Penicillin was the first antibiotic made available to humans during World War II. It was very effective against gram-positive bacteria, but didn’t last long and was susceptible to stomach acid so was wasted inside the body.
Ampicillin is a version of penicillin that is able to last longer, resist stomach acid, and kill some gram-negative bacteria as well as the gram-positive bacteria. It is often used to prevent and treat infections found in cuts and wounds, the mouth, the upper respiratory system, and the bladder.
Bacteria often build resistance to this drug.
This drug works best if given 1 hour before feeding or 2 hours after. It may be given with food is stomach upset occurs.
The oral form of this drug is not absorbed very effectively, as with the injection or Amoxicillin.
How It Works
Ampicillin kills bacteria by preventing them from building a proper cell wall while they grow. It accomplishes this by inhibiting the linking of peptidoglycan chains that are a major component in both gram-positive and some gram-negative bacteria’s cell walls.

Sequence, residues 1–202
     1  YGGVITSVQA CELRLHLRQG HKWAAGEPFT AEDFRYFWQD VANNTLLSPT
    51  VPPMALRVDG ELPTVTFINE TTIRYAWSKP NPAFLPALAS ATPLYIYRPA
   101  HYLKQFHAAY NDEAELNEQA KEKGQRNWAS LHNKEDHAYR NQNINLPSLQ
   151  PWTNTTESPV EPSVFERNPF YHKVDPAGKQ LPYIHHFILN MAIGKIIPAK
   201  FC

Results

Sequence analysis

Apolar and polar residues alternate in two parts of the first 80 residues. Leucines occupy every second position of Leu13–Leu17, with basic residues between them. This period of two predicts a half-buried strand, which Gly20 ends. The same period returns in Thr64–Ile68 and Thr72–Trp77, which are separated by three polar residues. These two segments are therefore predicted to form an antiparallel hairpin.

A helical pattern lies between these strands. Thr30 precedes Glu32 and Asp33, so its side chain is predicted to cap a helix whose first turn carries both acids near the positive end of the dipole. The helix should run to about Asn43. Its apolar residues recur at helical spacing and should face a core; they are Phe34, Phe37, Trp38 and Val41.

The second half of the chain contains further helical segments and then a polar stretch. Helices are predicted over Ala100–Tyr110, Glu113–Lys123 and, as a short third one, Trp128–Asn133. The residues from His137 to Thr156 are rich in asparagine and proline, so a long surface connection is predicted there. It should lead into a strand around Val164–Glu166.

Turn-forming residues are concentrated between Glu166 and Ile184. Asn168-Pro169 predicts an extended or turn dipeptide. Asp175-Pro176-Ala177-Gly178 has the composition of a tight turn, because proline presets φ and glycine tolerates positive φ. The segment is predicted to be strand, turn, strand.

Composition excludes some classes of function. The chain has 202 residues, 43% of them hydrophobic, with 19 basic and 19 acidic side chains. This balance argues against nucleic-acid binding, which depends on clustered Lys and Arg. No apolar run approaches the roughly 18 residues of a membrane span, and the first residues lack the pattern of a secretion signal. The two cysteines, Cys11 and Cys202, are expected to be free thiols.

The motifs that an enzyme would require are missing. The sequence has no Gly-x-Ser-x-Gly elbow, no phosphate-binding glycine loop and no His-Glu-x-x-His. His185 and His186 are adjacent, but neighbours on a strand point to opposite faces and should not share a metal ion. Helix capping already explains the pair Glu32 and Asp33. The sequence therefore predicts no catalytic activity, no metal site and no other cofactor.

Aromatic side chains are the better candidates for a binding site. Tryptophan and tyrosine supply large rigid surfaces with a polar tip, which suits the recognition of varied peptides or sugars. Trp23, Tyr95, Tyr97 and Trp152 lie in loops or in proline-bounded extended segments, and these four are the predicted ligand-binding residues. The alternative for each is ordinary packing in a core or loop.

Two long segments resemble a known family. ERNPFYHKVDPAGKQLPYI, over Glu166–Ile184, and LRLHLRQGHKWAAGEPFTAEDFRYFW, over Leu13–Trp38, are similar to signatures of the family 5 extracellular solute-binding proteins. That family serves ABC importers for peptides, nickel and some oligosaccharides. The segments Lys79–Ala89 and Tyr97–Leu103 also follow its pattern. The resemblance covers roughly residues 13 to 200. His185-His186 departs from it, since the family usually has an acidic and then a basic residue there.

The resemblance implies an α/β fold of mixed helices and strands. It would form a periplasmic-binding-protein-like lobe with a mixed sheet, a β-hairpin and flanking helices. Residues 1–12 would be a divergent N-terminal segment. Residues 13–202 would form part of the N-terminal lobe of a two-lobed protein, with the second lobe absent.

Store tablets in a tightly sealed container at room temperature.
Keep oral liquid refrigerated- effective 14 days after mixed.
Injection is effective 3 months after reconstitution at room temperature and 1 year after reconstitution if refrigerated.
Ampicillin sodium Injection should be used immediately after reconstitution.
Give the dose as soon as possible. If it is almost time for the next dose, skip the missed dose, and continue with the regular schedule. Do not give your pet two doses at once.
Side Effects and Drug Reactions
Ampicillin may result in these side effects:
- Allergic reaction (labored breathing, hives, etc)
- Loss of appetite
Ampicillin may react with these drugs:
- Bacteriostatics (Drugs that inhibit bacterial growth)
DO NOT USE AMPICILLIN IN RABBITS, GUINEA PIGS, OR RODENTS.